Thursday, August 30, 2007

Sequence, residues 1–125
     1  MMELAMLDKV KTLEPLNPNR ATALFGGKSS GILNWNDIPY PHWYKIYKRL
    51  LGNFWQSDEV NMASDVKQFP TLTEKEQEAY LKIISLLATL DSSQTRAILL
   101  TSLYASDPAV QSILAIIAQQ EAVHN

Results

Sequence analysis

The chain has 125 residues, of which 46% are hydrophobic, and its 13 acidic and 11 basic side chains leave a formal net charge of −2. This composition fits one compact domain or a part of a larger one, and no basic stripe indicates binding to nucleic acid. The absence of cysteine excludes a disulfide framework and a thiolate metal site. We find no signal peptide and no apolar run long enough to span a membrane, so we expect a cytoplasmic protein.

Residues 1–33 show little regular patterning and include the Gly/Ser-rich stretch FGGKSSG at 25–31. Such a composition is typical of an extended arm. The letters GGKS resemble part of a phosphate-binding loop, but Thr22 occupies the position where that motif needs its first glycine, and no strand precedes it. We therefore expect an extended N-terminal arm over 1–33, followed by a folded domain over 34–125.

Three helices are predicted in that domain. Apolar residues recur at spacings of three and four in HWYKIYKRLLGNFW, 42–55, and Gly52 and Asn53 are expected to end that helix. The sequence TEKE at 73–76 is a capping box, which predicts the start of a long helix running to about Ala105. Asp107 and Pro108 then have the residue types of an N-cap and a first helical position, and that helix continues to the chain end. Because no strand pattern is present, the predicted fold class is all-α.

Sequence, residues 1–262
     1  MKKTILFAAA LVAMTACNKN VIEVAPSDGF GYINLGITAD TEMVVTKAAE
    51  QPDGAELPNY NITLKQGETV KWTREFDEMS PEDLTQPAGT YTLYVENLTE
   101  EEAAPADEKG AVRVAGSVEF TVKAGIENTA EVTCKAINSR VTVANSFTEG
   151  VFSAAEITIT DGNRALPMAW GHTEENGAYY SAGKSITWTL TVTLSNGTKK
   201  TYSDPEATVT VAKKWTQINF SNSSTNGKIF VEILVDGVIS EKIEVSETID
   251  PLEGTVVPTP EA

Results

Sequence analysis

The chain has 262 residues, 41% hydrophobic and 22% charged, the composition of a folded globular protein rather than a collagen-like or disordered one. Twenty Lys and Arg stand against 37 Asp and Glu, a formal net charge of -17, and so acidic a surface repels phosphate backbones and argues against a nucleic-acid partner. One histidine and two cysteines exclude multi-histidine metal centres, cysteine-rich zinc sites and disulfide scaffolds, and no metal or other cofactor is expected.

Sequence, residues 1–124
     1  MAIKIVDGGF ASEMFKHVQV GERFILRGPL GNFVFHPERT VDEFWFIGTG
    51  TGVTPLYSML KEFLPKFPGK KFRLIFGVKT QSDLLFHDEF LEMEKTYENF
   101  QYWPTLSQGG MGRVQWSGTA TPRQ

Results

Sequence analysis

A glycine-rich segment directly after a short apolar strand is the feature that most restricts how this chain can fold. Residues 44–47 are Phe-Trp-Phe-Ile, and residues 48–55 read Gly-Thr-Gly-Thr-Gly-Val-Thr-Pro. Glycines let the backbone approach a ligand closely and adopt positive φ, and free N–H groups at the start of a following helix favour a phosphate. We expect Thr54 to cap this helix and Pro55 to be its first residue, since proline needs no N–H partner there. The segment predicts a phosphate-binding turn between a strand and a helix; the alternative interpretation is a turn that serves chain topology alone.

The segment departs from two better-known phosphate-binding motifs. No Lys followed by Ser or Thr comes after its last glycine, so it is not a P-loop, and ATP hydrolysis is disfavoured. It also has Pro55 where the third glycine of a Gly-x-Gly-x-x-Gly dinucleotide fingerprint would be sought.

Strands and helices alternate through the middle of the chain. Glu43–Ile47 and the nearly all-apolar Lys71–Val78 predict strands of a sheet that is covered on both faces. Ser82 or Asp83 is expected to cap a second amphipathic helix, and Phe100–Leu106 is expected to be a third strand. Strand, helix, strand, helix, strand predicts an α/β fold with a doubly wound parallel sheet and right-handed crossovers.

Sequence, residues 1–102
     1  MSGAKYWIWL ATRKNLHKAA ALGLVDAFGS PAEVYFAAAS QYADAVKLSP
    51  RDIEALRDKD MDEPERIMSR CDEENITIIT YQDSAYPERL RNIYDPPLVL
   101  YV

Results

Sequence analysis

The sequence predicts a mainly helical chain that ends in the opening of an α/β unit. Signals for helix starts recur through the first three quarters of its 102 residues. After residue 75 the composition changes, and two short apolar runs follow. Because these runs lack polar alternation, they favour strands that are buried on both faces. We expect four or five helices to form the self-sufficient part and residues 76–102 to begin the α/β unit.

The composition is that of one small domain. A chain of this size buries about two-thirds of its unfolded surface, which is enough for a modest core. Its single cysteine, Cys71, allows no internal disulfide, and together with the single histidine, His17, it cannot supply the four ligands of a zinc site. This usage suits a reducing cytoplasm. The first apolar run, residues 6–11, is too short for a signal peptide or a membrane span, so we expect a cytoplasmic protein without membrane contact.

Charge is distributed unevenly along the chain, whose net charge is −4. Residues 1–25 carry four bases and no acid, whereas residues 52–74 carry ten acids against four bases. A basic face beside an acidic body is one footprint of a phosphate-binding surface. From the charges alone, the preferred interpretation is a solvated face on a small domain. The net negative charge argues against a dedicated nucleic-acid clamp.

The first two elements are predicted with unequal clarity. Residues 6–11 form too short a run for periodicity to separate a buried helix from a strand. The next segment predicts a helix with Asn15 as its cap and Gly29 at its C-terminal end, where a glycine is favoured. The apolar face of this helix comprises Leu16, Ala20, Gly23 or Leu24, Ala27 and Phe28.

Someday I need to do a rubber tree count to see actually how many trees are on the Bosque Santa Lucia property. There are certainly dozens of older ones on the trails I use for tours. I always make it a point to tap a tree to show visitors the latex, which is the origin of what we call rubber. In the image you can see the latex oozing from a cut I made with a fast whack of a machete. When Sr. Teixeira or one of his sons tap a tree, they use a professional tapping knife, which I'll show in another image. We don't commercialize rubber at the Bosque, so my cuts are only demonstrative. In the "real world", there are two cuts in a fish bone design with a small cup-like container fastened to the tree for collecting the dripping latex. In days gone by, the latex would allowed to coagulate in this container, or it would be smoked over a fire before shippment to market. Today most latex is kept in liquid form by adding ammonia. This is the prime rubber used for making surgical gloves and condoms, among other products.